What's that saying about March coming in like a lion and going out like a lamb?

Sort of the way State Rep. Bakari Sellers' challenge to Gov. Nikki Haley morphed through the month. At the beginning of the month, Sellers, D-Bamberg, challenged Haley to a week of eating only healthy foods purchased in Bamberg and Colleton counties with food stamps. This was in response to Haley's initiative, in partnership with DHEC, to restrict the use of food stamps. Haley declined.

Sellers also started a website, healthymarch.com, to encourage healthy habits, and a fundraising campaign for the Harvest Hope Food Bank. The latter had netted one $100 donation — 5 percent of the goal, as of Friday. No doubt the food bank will appreciate any and all donations, but it's probably a safe bet Sellers was hoping for more.

Regardless, the publicity that it brought should help continue to shape the food assistance/obesity discussion.

'Obesity kills'

That's what New York City Mayor Michael Bloomberg said after his super-size soda ban was struck down just hours before it was scheduled to go into effect.

That's what DHEC leader Catherine Templeton knows.

That's what the governor knows.

That's what the leaders of Eat Smart Move More Charleston County know.

And that's what Sellers knows.

It's just that there are different ways of approaching the problem. The common ground in all this is that nobody wants to continue having the same discussion 10 years down the road and not be any closer to a solution.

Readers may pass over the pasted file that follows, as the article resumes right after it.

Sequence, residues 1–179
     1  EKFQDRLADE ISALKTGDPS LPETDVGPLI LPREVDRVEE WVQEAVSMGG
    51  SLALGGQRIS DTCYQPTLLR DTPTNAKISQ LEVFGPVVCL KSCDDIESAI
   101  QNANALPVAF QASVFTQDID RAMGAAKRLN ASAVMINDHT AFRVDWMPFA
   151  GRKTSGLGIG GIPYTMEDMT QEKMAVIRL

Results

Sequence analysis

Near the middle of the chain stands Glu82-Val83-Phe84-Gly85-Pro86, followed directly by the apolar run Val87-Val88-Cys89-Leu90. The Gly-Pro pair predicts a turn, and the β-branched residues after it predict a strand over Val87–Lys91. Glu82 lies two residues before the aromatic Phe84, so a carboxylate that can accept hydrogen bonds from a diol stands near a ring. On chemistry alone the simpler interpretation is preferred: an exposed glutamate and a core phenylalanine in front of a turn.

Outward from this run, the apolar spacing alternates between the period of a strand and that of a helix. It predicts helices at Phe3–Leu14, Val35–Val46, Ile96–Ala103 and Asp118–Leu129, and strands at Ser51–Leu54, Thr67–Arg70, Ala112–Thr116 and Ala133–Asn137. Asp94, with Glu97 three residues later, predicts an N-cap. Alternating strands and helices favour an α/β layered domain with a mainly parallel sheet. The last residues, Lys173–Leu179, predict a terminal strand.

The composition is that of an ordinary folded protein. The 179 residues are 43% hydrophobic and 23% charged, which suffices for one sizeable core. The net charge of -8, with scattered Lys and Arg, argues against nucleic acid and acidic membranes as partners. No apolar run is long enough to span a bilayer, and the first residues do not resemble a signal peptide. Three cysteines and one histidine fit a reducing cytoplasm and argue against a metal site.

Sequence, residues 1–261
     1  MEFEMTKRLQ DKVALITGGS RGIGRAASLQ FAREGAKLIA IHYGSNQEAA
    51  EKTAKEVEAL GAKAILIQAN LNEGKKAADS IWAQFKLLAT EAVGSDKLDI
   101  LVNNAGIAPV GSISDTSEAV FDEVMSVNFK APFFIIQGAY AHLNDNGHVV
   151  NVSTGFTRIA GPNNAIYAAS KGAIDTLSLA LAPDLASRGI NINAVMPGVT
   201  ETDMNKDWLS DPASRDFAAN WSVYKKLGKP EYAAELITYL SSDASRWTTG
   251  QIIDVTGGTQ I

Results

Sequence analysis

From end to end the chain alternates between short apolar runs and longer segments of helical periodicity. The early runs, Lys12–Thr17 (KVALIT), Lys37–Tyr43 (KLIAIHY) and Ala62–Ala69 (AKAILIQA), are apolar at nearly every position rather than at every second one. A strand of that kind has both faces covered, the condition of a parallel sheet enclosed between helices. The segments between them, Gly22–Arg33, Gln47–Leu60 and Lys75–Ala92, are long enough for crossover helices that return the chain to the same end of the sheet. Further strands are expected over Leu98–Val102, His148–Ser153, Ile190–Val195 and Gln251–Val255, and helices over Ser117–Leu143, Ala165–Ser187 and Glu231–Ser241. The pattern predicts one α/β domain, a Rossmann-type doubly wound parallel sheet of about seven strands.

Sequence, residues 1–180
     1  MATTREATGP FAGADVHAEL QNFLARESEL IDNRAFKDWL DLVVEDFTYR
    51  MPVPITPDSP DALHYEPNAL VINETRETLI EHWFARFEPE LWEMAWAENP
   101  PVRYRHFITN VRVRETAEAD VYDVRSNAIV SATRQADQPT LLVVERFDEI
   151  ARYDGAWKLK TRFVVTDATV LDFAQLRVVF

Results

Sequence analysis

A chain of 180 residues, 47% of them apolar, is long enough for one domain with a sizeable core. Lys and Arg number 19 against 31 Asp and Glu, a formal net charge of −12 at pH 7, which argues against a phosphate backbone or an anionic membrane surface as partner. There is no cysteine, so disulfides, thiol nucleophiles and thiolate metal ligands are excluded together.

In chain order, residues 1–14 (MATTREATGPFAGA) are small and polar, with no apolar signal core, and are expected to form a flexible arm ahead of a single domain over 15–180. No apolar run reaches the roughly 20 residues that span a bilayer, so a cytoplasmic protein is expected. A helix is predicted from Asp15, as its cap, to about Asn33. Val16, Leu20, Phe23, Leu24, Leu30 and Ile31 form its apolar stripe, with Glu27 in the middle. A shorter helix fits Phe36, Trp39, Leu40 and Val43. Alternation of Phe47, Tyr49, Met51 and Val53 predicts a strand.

Increased options, solutions

Aligning guidelines for food stamps with the guidelines for WIC would seem to make sense from an enforcement standpoint.

It wouldn't mean people who get supplemental nutrition assistance would be forbidden from buying sodas, or chips, or snack cakes. It means they can't use their food stamps to buy those things — after all, SNAP includes the words “supplemental” and “nutrition.”

But the state has to commit to education, ensuring that folks know, for instance, that SNAP/EBT cards are accepted at farmers markets. And it has to commit to program expansion.

If they can do that, and there are organizations here that would help with that, then we'll have a complete program that really does accomplish some of the other goals Haley and Templeton have set out — to reduce the percentage of obese residents, to have a healthier state and to have fewer people who need to be on Medicaid.

If the state wins in its bid to get the Fed to restrict what can be purchased with food stamps, state leaders absolutely need to follow through with programs that provide education and, more importantly, access to fresh food, particularly in places where it is most needed and least available. Mobile farmers markets would bring the food to those who need it.

What about a food truck rodeo for the food banks? Food trucks could donate a portion of their proceeds from a given event to the Lowcountry Food Bank, and distribute fresh foods to folks in need.

It's going to take more than politics to improve the health of our state.